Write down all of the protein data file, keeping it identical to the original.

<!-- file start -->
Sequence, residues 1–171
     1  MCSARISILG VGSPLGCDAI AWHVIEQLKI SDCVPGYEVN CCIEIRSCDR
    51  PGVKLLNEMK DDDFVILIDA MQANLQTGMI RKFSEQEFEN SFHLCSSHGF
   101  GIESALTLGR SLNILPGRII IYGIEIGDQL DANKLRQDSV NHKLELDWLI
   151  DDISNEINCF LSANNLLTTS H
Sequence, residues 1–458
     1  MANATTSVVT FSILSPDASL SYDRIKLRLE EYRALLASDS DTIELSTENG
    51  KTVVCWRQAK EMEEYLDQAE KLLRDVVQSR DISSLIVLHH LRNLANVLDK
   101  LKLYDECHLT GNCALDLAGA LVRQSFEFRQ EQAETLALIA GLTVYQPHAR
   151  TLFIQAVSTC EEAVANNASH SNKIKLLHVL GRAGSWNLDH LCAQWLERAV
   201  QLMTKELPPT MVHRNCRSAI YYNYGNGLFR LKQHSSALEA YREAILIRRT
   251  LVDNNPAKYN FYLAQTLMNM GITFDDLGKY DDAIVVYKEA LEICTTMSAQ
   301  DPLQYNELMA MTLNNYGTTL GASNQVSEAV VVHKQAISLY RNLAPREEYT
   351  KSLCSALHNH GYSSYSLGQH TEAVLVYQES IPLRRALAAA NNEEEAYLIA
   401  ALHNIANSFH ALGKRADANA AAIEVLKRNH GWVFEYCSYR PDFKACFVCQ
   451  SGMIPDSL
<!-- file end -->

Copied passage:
Sequence, residues 1–171
     1  MCSARISILG VGSPLGCDAI AWHVIEQLKI SDCVPGYEVN CCIEIRSCDR
    51  PGVKLLNEMK DDDFVILIDA MQANLQTGMI RKFSEQEFEN SFHLCSSHGF
   101  GIESALTLGR SLNILPGRII IYGIEIGDQL DANKLRQDSV NHKLELDWLI
   151  DDISNEINCF LSANNLLTTS H
Sequence, residues 1–458
     1  MANATTSVVT FSILSPDASL SYDRIKLRLE EYRALLASDS DTIELSTENG
    51  KTVVCWRQAK EMEEYLDQAE KLLRDVVQSR DISSLIVLHH LRNLANVLDK
   101  LKLYDECHLT GNCALDLAGA LVRQSFEFRQ EQAETLALIA GLTVYQPHAR
   151  TLFIQAVSTC EEAVANNASH SNKIKLLHVL GRAGSWNLDH LCAQWLERAV
   201  QLMTKELPPT MVHRNCRSAI YYNYGNGLFR LKQHSSALEA YREAILIRRT
   251  LVDNNPAKYN FYLAQTLMNM GITFDDLGKY DDAIVVYKEA LEICTTMSAQ
   301  DPLQYNELMA MTLNNYGTTL GASNQVSEAV VVHKQAISLY RNLAPREEYT
   351  KSLCSALHNH GYSSYSLGQH TEAVLVYQES IPLRRALAAA NNEEEAYLIA
   401  ALHNIANSFH ALGKRADANA AAIEVLKRNH GWVFEYCSYR PDFKACFVCQ
   451  SGMIPDSL